The United Nations World Food Program reported this week that there are over a billion hungry people among the approximately 6.8 billion human beings now alive. That means that over one in seven of us is hungry or starving, and the number is rapidly climbing upward
“This year we are clocking in on average four million new hungry people a week, people who are urgently hungry,” according to Josette Sheeran, head of the UN Program.
At the G8 food summit in Rome last week, she told Reuters news service that high food prices have pushed another 105 million people into hunger in the first half of 2009.
The global financial crisis has made things worse. In terms of staple food, people in poorer countries today can only afford about a third of what they could afford three years ago.
Meanwhile, in an independent but equally ominous echo, the esteemed National Geongraphic has just published a special report on food and hunger – the end of plenty. “Last year the skyrocketing cost of food was a wake-up call for the planet,” Joel K. Bourne Jr. reported in the magazine.
“High prices are the ultimate signal that demand is outstripping supply, that there is simply not enough food to go around.”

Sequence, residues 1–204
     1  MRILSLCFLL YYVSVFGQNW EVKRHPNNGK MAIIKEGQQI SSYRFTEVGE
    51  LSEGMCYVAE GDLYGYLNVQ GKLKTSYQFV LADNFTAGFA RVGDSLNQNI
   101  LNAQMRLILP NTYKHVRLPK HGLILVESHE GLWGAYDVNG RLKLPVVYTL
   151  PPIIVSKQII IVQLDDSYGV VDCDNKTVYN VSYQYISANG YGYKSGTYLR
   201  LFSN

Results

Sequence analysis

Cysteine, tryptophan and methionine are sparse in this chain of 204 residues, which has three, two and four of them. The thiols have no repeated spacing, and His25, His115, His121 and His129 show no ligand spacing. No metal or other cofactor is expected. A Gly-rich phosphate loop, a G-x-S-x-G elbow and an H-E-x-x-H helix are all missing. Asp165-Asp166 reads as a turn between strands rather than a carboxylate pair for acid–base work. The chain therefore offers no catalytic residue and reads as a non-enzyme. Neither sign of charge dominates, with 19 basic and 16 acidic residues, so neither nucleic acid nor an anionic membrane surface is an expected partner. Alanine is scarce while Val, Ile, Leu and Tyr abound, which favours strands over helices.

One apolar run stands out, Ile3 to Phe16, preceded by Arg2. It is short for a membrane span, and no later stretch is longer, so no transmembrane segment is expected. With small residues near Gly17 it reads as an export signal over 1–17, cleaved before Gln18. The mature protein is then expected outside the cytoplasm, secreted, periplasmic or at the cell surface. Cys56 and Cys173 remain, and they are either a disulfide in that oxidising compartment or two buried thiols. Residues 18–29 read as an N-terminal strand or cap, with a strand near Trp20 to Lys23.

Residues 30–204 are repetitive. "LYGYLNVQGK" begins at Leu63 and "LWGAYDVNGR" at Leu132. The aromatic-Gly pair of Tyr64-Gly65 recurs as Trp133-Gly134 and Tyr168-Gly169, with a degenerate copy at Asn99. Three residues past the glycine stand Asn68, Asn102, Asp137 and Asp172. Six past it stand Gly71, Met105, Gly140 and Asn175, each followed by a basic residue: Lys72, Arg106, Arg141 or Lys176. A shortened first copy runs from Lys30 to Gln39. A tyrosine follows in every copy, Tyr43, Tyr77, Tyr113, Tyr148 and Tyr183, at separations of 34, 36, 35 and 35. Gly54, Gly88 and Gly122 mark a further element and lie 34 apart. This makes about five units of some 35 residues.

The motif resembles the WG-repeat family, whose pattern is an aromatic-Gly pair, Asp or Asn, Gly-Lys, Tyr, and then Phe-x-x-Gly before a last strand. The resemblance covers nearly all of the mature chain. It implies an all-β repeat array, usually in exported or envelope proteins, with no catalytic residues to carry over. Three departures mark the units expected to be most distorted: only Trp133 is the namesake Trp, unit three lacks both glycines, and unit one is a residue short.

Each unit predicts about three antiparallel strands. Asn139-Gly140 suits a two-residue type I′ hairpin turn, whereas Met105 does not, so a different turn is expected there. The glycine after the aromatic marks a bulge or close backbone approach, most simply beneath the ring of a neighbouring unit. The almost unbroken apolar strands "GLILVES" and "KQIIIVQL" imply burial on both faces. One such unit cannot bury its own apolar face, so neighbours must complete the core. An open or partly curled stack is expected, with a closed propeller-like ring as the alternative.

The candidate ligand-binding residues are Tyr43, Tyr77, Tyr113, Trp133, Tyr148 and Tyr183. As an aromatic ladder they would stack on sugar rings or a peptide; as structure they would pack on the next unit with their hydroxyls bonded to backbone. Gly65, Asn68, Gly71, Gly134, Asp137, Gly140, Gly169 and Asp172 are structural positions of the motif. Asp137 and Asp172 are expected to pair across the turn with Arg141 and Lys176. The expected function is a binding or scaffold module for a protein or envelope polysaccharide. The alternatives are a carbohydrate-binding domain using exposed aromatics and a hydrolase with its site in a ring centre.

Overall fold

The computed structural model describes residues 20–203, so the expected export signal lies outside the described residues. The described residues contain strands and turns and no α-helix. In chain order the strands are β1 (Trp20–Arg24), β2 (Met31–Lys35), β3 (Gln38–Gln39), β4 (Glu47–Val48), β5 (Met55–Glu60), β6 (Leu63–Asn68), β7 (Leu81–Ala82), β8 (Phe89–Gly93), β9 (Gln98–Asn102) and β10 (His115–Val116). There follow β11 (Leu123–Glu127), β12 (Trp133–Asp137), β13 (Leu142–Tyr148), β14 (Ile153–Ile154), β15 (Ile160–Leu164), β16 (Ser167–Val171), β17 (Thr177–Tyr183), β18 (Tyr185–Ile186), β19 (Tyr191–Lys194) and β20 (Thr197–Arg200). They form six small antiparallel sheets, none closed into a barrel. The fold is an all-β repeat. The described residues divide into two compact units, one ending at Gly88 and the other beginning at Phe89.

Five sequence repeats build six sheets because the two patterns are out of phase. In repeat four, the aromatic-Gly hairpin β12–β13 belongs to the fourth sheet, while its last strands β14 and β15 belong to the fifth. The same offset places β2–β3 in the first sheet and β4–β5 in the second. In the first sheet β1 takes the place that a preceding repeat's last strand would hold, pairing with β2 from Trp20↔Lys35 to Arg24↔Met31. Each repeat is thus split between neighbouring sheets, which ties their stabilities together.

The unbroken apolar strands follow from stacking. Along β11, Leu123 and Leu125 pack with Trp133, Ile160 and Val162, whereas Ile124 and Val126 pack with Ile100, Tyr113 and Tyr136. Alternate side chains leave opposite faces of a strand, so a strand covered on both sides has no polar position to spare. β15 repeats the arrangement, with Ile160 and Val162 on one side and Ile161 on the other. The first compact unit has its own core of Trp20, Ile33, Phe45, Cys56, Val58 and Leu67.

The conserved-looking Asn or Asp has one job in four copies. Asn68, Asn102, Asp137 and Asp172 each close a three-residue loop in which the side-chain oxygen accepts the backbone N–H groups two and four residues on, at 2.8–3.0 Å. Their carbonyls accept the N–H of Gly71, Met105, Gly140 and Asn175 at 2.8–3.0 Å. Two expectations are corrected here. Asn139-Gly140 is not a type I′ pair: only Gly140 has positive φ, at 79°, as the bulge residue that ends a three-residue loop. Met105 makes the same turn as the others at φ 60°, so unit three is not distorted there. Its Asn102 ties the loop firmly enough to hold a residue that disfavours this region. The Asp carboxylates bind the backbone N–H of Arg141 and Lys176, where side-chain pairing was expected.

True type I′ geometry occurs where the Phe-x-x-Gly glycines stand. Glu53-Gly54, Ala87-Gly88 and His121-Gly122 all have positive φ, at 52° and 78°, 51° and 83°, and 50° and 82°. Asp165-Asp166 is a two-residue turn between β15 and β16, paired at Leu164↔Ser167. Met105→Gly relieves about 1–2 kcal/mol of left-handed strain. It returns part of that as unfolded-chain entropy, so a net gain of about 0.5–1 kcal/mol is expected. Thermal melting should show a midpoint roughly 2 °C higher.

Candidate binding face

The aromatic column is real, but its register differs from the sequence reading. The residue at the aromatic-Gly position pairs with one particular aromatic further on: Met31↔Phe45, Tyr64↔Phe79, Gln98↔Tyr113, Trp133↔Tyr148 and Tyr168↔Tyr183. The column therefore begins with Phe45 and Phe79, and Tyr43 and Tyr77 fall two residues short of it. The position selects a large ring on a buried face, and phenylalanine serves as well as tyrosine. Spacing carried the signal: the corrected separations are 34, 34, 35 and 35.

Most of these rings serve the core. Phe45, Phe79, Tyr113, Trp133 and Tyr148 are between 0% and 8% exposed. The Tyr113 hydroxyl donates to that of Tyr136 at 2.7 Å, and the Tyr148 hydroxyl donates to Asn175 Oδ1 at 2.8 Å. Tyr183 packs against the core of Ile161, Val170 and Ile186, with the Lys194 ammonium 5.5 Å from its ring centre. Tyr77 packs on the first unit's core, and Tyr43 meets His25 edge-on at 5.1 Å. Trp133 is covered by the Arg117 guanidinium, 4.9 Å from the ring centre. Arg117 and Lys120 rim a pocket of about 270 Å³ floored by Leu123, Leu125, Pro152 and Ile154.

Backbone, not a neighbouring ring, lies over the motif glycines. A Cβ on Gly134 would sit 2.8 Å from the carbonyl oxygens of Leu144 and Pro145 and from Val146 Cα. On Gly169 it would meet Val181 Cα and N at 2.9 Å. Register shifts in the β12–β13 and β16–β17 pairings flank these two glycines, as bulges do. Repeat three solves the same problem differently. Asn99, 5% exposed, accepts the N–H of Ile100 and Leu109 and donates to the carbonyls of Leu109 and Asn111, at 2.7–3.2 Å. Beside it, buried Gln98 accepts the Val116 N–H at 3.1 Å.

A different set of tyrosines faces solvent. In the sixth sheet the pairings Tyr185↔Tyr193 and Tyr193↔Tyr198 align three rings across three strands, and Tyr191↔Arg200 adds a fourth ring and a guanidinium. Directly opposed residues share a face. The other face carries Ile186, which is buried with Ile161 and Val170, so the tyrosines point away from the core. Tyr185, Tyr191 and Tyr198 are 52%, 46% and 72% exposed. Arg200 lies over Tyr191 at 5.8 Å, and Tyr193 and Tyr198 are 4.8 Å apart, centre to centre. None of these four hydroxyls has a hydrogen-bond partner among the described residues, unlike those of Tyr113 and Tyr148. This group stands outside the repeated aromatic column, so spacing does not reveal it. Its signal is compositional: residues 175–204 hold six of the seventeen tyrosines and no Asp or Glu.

Yet with world population spiraling toward nine billion by mid-century, these experts now say we need a repeat performance, doubling current food production by 2030.
In other words, we need another green revolution. And we need it in half the time. We also need it to be a clean, sustainable revolution, for the synthetic chemicals of the first ‘green revolution’ have proven themselves to be toxic and at variance with a healthy planet; the hybrid crops have shown themselves to be fragile; and ongoing overdoses of chemical fertilizer and pesticides have ruined vast stretches of agricultural terrain, and are suspected carcinogens.
Last year a massive study called the International Assessment of Agricultural Knowledge, Science and Technology for Development concluded that the immense production increases brought about by science and technology in the past 30 years have failed to improve food access for many of the world’s poor. The six-year study, involving some 400 agricultural experts from around the globe, called for a paradigm shift in agriculture toward more sustainable and ecologically friendly practices.
Though many people still do not hear it yet, hunger is one of the loudest voices calling from our land. This blog, and in particular the links page, offer direction and models that can be emulated by awakened citizens who recognize the wisdom of taking action now for food security.